Module Identifier EN37520  
Academic Year 2003/2004  
Co-ordinator Dr Martin Padget  
Semester Intended for use in future years  
Next year offered N/A  
Next semester offered N/A  
Assessment TypeAssessment Length/DetailsProportion
Semester Assessment 2 x 2,500 word essays100%
Supplementary Assessment Resubmit any failed elements and/or make good any missing elements 

Learning outcomes

At the end of the module, students should typically be able to:

- Demonstrate a thorough knowledge of the core literary texts and of appropriate critical approaches to the study of those texts;
- Demonstrate an understanding of the historical and cultural contexts in which the set material was produced;
- Write about the set material in a well-structured and well-argued way;
- Illustrate their knowledge and views by drawing upon appropriate literary, historical and critical sources beyond the core literary texts;
- Demonstrate developing skills in critical analysis;
- Demonstrate developing skills in oral presentation, both individually and in small group presentations.

Brief description

This module provides students with the opportunity to study six major works of American fiction from the nineteenth century. It seeks to establish a thorough understanding of the core literary texts and of the historical context in which they were written. Building on the study of literature and literary analysis in Part One, the module encourages students to develop and hone the skills needed to critique the nineteenth-century American novel in particular and literature in general.


Seminar Timetable

1-2. Representing the Frontier and Mythologizing American History
Required reading: James Fenimore Cooper, The Last of the Mohicans

3. "Somewhere between the real world and fairy-land": Dramatising the Past and the Present in the Romance
Required reading: Nathaniel Hawthorne, The Scarlet Letter

4-6. "You must have plenty of sea-room to tell the truth in": Moby-Dick and the Expansive Imagination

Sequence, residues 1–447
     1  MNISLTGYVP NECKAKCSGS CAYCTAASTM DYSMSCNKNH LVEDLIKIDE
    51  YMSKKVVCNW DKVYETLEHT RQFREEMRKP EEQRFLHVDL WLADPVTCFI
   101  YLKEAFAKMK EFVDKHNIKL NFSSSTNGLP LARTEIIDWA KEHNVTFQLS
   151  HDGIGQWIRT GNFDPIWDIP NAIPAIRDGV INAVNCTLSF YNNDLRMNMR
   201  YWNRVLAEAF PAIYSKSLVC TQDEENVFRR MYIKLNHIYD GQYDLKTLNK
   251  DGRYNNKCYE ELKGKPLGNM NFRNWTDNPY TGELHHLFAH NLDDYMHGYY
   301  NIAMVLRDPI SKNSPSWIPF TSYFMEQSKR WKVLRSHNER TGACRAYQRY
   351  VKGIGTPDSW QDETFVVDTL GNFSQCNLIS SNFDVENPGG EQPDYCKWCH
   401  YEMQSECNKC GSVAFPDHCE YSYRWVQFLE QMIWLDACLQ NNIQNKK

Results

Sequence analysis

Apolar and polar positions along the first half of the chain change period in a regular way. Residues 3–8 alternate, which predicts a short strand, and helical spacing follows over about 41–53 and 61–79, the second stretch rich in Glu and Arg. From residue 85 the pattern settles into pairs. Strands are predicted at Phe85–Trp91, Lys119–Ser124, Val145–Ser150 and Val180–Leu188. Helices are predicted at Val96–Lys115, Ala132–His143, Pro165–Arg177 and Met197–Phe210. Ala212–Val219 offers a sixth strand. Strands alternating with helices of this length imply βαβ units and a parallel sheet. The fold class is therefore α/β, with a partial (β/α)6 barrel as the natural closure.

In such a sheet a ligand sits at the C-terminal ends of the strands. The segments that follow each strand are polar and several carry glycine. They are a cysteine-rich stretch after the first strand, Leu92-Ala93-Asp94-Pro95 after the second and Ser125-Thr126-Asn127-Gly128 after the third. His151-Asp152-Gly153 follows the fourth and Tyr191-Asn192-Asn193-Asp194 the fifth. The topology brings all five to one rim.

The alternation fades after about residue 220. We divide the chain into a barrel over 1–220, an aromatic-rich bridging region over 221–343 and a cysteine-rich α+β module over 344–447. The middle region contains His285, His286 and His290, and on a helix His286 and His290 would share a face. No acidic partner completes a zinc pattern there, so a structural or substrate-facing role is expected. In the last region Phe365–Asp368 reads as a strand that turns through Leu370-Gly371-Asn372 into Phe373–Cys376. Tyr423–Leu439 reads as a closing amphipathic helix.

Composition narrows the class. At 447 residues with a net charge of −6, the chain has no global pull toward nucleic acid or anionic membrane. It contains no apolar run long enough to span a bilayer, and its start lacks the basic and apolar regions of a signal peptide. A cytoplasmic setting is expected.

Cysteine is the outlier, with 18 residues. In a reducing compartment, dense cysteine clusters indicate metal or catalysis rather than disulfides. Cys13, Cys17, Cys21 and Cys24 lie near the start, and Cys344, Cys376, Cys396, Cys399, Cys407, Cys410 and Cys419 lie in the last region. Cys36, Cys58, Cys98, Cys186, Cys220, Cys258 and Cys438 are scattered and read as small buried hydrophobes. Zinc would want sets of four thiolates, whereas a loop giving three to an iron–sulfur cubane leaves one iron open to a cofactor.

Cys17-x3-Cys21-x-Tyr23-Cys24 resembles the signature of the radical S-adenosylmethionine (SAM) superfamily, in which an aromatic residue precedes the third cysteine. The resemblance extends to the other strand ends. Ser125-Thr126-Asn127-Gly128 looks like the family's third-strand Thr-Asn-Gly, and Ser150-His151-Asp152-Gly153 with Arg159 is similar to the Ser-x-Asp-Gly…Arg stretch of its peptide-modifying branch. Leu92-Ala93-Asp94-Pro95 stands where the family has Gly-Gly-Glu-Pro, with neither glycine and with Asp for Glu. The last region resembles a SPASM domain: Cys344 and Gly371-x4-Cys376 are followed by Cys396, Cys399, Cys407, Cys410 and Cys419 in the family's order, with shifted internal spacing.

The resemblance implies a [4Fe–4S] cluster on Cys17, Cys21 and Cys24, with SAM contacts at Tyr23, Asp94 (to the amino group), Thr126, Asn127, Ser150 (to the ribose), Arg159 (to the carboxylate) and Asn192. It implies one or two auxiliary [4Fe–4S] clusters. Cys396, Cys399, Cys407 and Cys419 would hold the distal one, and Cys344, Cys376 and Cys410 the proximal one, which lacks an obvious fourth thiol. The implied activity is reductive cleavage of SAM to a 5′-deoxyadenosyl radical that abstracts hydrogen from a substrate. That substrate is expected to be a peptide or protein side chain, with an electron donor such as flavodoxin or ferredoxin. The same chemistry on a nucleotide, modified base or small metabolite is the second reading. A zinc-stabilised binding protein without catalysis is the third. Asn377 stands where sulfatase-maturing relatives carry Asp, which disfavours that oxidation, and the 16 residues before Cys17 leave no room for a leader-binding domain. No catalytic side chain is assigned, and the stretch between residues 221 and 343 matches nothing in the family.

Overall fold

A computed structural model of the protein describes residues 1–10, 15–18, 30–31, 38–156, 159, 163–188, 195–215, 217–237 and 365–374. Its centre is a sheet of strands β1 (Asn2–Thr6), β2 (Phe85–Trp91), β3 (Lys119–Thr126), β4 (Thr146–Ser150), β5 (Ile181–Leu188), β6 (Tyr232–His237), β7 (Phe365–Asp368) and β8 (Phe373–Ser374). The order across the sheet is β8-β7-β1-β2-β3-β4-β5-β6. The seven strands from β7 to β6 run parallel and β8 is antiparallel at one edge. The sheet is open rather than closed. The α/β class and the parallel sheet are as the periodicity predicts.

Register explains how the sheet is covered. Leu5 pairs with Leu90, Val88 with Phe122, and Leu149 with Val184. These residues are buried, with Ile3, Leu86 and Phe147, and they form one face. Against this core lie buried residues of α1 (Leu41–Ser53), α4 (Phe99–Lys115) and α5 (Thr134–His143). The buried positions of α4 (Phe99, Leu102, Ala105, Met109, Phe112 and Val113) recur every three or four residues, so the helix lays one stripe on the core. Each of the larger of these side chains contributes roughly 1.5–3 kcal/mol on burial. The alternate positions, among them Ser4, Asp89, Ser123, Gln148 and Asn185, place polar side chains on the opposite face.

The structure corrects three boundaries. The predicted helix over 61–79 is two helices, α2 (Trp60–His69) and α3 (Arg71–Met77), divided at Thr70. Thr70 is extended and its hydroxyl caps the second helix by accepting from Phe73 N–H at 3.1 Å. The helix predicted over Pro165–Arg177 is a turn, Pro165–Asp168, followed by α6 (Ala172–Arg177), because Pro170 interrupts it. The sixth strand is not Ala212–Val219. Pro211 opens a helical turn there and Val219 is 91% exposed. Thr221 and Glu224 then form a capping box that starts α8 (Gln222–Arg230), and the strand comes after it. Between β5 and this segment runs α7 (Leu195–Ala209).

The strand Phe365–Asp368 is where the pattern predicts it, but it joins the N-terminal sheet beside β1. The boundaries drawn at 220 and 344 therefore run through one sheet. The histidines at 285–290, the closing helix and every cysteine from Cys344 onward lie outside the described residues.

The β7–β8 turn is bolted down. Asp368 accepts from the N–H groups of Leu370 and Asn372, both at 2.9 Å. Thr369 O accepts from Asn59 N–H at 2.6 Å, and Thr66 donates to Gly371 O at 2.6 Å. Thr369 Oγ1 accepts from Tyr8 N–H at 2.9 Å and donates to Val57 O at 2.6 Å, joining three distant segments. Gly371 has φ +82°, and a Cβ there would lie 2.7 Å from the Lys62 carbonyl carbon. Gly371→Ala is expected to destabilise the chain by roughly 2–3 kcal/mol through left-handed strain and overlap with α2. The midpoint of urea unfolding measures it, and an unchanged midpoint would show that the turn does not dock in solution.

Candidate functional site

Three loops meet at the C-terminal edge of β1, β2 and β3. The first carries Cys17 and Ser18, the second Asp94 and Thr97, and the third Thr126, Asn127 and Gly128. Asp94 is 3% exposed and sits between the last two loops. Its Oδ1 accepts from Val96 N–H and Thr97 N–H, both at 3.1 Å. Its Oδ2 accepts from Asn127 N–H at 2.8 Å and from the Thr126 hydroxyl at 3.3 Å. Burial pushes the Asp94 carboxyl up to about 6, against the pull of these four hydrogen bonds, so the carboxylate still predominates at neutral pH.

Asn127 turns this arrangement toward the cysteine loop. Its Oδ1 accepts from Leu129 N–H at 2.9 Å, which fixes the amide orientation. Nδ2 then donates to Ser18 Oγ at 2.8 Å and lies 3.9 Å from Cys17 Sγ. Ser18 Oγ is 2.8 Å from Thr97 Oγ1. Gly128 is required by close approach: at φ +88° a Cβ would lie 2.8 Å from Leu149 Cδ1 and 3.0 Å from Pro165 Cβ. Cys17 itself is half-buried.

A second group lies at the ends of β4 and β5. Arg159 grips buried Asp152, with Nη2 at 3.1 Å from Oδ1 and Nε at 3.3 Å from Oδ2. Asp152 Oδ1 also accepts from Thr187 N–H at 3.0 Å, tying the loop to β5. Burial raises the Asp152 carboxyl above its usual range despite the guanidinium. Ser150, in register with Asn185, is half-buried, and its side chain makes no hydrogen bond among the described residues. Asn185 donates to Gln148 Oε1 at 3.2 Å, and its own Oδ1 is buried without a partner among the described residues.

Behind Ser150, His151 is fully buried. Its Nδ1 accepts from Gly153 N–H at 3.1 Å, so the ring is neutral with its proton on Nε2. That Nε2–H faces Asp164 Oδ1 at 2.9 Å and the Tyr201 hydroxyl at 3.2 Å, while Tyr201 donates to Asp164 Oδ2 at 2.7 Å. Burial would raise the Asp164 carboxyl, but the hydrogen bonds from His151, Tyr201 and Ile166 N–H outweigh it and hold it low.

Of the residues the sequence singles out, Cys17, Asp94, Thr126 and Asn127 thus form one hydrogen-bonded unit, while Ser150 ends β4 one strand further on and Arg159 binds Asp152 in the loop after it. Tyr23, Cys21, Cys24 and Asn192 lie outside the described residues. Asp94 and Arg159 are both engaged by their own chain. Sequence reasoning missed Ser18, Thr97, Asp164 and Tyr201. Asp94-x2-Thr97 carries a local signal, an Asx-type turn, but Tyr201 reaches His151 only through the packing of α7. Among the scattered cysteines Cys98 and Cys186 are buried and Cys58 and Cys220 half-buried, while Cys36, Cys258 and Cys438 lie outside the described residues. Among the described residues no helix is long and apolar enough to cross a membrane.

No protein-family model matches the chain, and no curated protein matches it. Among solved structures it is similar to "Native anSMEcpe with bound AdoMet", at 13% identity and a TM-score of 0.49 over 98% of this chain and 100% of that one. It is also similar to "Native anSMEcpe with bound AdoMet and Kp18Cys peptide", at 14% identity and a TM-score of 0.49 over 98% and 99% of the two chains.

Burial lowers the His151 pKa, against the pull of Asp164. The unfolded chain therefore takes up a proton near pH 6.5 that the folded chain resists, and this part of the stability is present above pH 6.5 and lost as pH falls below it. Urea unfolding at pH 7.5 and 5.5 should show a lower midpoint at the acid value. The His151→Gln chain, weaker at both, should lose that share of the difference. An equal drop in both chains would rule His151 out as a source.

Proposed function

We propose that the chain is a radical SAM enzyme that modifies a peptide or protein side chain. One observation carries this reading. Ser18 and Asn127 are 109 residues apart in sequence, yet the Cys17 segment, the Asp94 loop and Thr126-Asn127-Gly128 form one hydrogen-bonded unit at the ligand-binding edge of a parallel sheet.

Required reading: Herman Melville, Moby-Dick

7-8. Sentimental Fiction, Abolitionism, and the Politics of Emotion
Required reading: Harriet Beecher Stowe, Uncle Tom's Cabin

9. The Meanings of Freedom: The South Before and After the Civil War
Required reading: Mark Twain, Pudd'nhead Wilson

10. "The Courageous Soul that Dares and Defies": The Awakening and the Subversive Imaginations of Women
Required reading: Kate Chopin, The Awakening

Set texts

Kate Chopin, The Awakening (1899)
James Fenimore Cooper, The Last of the Mohicans (1826)
Nathaniel Hawthorne, The Scarlet Letter (1851)
Herman Melville, Moby-Dick (1851)
Harriet Beecher Stowe, Uncle Tom's Cabin (1852)
Mark Twain, Pudd'nhead Wilson (1894)

Select Bibliography

Sacvan Bercovitch,ed., The Cambridge History of American Literature
Richard Chase, The American Novel and Its Tradition
Michael Colacurcio, ed., New Essays on the Scarlet Letter
Leslie Fiedler, Love and Death in the American Novel
Michael Gilmore, American Romanticism and the Marketplace
Susan Harris, Nineteenth-Century Women's Novels
Harry Levin, Power of Blackness: Hawthorne, Poe, Melville
Lucy Maddox, Removals
F. O. Matthiessen, American Renaissance
Jane Tompkins, Sensational Designs: The Cultural Work of American Fiction


This module is at CQFW Level 6